While some argued these schools deserve another chance because they serve students who would otherwise drop out, other advocates said keeping open troubled campuses hurts the entire charter-school movement.

The state should have jumped at the chance to deny some of these renewal requests two years ago, said Catherine Clark, associate executive director of the Texas Association of School Boards.

"It surprises me that nothing has happened," said Clark, who researched and wrote charter-school evaluations in the 1990s. "The systematic failure to address the performance expectations of students in the schools doesn't seem to be enough to signal the end of state funding and the closure of these charters."

About 61,000 children in Texas attend charter campuses, which are tuition-free public schools created to give parents more choices and educators more flexibility.

Charters granted in 1998
The movement is a decade old in Texas. The bulk of these backlogged charter renewals were originally granted in 1998 — dubbed "third-generation schools." Because of weak review and oversight, several of the 109 charters awarded that year have been plagued with financial and management problems, experts said.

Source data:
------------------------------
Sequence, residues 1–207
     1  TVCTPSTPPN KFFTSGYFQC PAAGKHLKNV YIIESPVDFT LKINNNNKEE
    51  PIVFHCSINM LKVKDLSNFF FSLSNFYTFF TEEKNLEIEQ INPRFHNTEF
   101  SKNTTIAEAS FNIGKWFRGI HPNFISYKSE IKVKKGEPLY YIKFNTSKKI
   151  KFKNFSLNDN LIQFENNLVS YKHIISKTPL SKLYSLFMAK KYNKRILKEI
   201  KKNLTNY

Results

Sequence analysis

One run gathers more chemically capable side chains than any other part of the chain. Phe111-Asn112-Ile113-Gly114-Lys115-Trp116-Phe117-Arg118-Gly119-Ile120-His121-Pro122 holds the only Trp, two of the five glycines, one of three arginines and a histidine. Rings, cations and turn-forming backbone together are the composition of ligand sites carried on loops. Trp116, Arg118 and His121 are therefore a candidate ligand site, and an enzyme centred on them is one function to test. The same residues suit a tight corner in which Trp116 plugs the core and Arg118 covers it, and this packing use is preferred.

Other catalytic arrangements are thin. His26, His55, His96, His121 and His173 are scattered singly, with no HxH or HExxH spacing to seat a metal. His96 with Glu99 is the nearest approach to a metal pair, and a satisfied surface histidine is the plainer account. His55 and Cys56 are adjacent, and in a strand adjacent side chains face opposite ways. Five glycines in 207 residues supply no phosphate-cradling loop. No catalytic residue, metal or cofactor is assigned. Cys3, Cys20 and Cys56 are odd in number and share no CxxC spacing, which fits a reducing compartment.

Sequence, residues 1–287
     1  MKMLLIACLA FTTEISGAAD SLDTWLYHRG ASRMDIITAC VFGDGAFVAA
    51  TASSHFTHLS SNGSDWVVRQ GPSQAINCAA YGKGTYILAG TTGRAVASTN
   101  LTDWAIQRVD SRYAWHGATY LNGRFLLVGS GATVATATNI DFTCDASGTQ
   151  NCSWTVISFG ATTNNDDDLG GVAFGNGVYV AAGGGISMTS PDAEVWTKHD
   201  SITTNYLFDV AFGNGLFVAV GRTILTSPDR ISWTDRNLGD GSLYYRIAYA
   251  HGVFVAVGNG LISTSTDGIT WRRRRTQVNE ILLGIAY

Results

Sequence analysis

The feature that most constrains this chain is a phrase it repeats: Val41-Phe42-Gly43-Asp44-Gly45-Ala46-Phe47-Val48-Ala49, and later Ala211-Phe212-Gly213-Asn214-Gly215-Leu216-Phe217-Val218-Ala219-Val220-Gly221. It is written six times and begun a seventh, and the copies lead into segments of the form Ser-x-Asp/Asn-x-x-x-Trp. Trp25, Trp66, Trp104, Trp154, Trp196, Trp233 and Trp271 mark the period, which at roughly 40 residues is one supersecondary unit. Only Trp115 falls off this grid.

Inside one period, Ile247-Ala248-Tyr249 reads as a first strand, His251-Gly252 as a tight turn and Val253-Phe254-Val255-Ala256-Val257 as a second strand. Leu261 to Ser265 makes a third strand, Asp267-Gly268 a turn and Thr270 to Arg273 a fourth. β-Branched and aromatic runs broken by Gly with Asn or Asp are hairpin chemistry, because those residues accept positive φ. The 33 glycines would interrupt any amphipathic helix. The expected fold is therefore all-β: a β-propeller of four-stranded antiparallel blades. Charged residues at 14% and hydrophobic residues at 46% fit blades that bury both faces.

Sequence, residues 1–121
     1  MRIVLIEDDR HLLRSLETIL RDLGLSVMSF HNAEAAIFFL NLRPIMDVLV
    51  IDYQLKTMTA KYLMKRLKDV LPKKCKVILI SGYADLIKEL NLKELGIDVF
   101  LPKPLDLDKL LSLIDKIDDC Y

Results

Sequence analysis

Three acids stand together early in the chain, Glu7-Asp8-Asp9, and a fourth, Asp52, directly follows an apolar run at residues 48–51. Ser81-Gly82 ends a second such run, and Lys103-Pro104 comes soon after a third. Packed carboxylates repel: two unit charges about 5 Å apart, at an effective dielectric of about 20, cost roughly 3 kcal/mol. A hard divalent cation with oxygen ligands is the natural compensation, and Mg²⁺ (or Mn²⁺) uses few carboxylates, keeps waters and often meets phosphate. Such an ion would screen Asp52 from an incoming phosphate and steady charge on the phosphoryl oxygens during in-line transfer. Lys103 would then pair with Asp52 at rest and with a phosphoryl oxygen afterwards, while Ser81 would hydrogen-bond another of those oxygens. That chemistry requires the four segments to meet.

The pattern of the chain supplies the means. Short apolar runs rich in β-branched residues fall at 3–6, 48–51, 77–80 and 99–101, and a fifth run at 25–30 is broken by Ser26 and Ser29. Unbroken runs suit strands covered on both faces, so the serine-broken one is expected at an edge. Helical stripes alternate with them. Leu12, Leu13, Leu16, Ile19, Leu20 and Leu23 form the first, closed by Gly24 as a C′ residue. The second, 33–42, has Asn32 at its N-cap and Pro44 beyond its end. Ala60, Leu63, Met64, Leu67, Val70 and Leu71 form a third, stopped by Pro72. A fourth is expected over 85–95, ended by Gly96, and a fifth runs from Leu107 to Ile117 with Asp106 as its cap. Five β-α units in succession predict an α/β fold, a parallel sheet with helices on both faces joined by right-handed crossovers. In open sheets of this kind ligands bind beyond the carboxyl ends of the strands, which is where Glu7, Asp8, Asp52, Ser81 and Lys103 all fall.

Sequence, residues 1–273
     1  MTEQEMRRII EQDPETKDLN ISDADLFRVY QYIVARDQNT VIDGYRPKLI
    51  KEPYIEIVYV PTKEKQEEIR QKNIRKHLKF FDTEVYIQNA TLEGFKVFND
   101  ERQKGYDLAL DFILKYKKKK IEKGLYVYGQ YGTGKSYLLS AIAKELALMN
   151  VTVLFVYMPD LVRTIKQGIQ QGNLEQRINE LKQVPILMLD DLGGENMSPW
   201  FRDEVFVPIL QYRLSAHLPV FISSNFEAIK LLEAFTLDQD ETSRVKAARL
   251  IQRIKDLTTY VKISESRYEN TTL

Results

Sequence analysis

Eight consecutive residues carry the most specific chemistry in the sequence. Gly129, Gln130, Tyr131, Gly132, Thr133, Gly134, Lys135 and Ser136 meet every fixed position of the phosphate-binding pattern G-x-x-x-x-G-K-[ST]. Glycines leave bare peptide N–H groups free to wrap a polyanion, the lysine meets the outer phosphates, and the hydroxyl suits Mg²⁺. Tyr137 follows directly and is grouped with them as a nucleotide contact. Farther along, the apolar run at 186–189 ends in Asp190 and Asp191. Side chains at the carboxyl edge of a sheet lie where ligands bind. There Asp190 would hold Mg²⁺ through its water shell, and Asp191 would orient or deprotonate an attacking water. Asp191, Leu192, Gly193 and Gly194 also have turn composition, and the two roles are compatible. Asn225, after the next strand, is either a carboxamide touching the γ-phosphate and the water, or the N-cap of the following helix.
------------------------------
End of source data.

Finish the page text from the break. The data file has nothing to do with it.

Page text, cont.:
''They just kind of gave them out willy-nilly. There were a huge number of problem schools in that generation," said Carolyn Boyle, coordinator for the Coalition of Public Schools, an Austin-based group that opposes vouchers.

Texas has since significantly slowed charter-school growth by capping the number of charters that can be issued at 215 and tightening accountability laws.

National experts said Texas also should strengthen its renewal process to encourage decisions to be made before the original charter expires.

"It actually shouldn't take that long," said Anna Varghese, a vice president at the Center for Education Reform, a Washington, D.C.-based nonprofit group that supports charter schools.

This renewal cycle is an anomaly because of the large number of charters, TEA officials said. Each application must be reviewed by several departments, and the process can take months, Culbertson said.